Focus on What Goes Right, Not Wrong

Denise
Sue has just arrived to work--and it's already mid-morning. Frustrated, nervous and at her wit's end, she only wants to sit in her cube and cry. But, she can't. Her presentation is set to begin in 15 minutes--a presentation, if it goes well, that could net her the promotion she's been hoping for.

Rather than reviewing her presentation one last time, Sue can't think of anything but this morning. "Why this morning of all mornings!" She laments to herself. "I just can't get a break."

Sue cares for her father, Ben. Ben has lived with Sue and her family for more than 18 months. Ben is 89-years-old and too frail and elderly to live alone. Although lucid, communicating with Ben can sometimes be challenging because he is hard of hearing. In addition, Ben has crippling arthritis, which makes gripping items, such as utensils, very difficult.

Sue works full-time and tries to juggle her responsibilities as wife, mother, grandmother and daughter the best she can.

This morning, for Sue, it seems anything that can go wrong does go wrong. Her father wakes up with a slight fever and complains he doesn't feel well. Sue doesn't want to send him to the adult day center that he attends daily and feels he should stay home. However, Sue can't miss work today--not with that big presentation at 11:00. Her husband, who isn't quite convinced that his father-in-law should be living with them (he would prefer to have Sue to himself), also wakes up feeling under the weather--and in a horrific mood.

It's now 6:30 a.m. Sue decides to get ready for work first and then attend to her father and her husband, in that order. Once dressed, she calls her father's physician and leaves a message with the answering service for him to return her call. She then calls the social service agency that subsidizes her father's adult day care service and leaves a message for someone to return her call ASAP. She hopes the agency can arrange for a home health aide for her father today.

She then prepares "sick trays" for her father and husband, which consists of essentials they will need throughout the day: juice and water, crackers and reading material for her husband. She helps her father first, who is pleasant although still running a fever. She knows her father won't mind if she doesn't spend much time with him.

Next she moves on to her husband. After sympathizing and empathizing with her husband long enough for the steam to dissipate from his ears, Sue sits with her husband as he finishes his breakfast of juice and toast.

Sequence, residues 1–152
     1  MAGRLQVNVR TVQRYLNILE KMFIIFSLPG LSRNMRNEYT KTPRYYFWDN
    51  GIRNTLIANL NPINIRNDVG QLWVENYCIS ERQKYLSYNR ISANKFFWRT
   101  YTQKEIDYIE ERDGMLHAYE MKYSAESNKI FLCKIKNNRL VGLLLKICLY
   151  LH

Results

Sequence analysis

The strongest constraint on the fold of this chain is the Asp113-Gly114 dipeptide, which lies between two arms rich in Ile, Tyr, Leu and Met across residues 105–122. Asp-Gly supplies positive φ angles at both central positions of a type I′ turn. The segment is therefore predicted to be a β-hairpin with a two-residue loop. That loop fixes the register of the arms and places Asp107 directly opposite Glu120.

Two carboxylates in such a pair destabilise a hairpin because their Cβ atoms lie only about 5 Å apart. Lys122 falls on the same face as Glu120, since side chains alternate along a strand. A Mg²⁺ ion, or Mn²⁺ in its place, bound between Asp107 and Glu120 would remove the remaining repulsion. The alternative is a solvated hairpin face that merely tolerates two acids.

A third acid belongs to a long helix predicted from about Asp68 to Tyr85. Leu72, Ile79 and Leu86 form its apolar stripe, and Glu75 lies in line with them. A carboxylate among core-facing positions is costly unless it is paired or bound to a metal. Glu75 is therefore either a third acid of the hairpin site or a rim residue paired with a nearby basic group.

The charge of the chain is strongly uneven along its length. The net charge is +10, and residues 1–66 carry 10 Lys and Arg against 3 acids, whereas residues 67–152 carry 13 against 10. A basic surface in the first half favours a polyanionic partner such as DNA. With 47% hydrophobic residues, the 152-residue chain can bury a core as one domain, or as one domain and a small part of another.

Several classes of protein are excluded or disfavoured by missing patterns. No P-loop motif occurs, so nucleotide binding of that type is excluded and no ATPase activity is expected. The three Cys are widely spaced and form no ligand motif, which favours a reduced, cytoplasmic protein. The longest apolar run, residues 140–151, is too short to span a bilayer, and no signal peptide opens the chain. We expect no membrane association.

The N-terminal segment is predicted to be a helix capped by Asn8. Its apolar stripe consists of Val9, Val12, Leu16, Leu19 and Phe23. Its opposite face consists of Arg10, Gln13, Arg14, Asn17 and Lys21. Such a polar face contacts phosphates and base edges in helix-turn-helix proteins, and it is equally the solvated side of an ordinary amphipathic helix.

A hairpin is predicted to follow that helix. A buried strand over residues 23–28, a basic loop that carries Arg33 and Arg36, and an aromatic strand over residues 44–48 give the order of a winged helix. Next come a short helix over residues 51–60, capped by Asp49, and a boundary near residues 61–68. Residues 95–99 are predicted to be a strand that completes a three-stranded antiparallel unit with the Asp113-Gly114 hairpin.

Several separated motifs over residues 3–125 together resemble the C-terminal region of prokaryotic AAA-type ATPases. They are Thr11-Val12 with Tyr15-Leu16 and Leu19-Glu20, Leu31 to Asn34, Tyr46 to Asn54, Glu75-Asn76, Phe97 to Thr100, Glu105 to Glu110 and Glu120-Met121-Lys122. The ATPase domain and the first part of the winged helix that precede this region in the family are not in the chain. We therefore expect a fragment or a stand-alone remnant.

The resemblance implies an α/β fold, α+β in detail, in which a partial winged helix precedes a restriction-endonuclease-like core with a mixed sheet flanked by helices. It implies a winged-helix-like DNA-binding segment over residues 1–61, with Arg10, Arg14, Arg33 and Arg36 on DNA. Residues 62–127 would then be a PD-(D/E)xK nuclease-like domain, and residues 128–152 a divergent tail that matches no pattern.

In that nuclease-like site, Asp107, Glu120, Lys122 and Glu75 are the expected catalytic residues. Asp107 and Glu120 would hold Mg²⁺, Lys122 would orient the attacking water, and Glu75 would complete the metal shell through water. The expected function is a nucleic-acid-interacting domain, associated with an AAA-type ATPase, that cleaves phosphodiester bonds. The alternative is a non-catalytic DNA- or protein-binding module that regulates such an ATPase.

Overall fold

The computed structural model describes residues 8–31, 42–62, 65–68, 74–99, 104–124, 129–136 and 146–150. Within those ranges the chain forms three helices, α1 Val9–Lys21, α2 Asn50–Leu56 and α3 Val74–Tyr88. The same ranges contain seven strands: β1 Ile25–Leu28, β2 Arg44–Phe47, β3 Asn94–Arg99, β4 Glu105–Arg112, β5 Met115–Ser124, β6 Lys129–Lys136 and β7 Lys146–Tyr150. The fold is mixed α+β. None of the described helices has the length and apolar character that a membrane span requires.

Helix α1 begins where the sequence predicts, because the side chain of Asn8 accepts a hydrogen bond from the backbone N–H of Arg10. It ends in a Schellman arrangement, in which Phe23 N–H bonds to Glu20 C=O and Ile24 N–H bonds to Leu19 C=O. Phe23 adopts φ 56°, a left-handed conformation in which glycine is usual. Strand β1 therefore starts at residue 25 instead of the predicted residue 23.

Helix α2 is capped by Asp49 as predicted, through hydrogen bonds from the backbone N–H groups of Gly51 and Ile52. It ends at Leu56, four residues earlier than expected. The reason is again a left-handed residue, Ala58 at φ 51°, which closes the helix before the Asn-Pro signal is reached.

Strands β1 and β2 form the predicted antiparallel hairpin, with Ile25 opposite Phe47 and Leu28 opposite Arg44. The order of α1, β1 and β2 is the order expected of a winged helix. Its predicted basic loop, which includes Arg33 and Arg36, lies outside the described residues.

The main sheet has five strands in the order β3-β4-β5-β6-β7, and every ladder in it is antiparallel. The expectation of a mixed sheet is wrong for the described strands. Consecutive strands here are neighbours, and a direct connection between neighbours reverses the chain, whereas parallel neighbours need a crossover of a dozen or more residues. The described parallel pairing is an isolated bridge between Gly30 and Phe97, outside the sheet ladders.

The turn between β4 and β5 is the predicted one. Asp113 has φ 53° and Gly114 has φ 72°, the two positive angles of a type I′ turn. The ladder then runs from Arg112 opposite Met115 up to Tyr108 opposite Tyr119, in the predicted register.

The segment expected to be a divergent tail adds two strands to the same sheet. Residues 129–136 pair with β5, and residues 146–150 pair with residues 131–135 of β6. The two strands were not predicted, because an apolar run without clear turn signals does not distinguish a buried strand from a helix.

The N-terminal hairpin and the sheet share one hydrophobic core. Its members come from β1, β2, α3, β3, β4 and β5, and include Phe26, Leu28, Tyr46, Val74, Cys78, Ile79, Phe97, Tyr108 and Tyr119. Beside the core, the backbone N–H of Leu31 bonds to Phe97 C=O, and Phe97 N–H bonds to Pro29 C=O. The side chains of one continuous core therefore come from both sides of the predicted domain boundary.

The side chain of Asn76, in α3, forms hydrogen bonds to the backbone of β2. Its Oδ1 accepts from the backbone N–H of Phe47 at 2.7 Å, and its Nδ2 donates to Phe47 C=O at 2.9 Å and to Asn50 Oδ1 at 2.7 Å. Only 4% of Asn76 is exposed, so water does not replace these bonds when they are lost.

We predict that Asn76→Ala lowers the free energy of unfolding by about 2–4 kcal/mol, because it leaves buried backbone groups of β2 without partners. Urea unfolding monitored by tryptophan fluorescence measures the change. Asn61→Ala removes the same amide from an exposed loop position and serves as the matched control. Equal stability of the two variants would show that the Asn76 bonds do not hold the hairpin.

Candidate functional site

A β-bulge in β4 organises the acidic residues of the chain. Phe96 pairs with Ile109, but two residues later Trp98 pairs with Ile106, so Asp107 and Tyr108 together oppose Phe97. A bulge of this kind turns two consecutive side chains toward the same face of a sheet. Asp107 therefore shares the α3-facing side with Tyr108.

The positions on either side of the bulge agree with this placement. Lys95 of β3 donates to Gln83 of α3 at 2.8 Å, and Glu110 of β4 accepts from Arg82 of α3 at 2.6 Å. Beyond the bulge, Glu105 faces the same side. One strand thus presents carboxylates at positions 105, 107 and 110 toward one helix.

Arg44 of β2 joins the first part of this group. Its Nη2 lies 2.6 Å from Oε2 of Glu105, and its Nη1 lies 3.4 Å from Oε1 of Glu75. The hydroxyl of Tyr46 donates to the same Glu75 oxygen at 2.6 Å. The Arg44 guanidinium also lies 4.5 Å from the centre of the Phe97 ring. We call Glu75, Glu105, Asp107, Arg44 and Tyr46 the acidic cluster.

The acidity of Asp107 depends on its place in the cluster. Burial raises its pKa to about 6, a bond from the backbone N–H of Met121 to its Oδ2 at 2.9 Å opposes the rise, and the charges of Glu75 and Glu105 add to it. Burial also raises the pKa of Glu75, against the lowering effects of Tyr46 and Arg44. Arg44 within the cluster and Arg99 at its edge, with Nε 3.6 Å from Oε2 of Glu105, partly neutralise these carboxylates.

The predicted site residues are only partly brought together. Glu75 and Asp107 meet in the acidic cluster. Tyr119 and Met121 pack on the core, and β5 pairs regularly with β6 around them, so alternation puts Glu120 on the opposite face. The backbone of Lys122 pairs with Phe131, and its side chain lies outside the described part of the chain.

At 7:15, she receives a return call from the physician, who gives her instructions for her father's care and which symptoms to be concerned about if they develop. He also specifies at which point her father would require professional care.

At 8:05, the social worker from the agency returns her call. A home health aide can be arranged. The cost will be higher than a day at the day care center, but Sue doesn't flinch. She needs to be a work without a guilty conscience. That's worth any money.

The aide will arrive between 9:00 and 9:30 a.m., so Sue contacts her boss. Indicating that she will a little late for work, she also assures her boss that her presentation is complete. She's ready.

When the home health aide arrives at 9:15, Sue has spent time explaining to her father that an aide will take care of him and that if he has any problems, he should ask for her husband. She also asks her husband to look in on her father throughout the day--when he feels up to it. At 9:20, Sue is out the door and on her way to work.

Talk about a challenging morning! Sue has done an admirable job of rolling with the punches while ensuring that her goal--getting to work and getting care for her father--are met.

But, unfortunately, the stress of the morning has Sue focusing on what went wrong (and there was plenty of that) rather than on what she did right. When Sue arrives for her work, she should focus on the next task--last minute preparations for presentations--and let go of what happened at home. She did her best and that's what's most important.

The lesson? Try to avoid that trap of beating yourself up for situations that are out of your control. Instead, savor what you do right. You'd be amazed at how much of that you do throughout the day!

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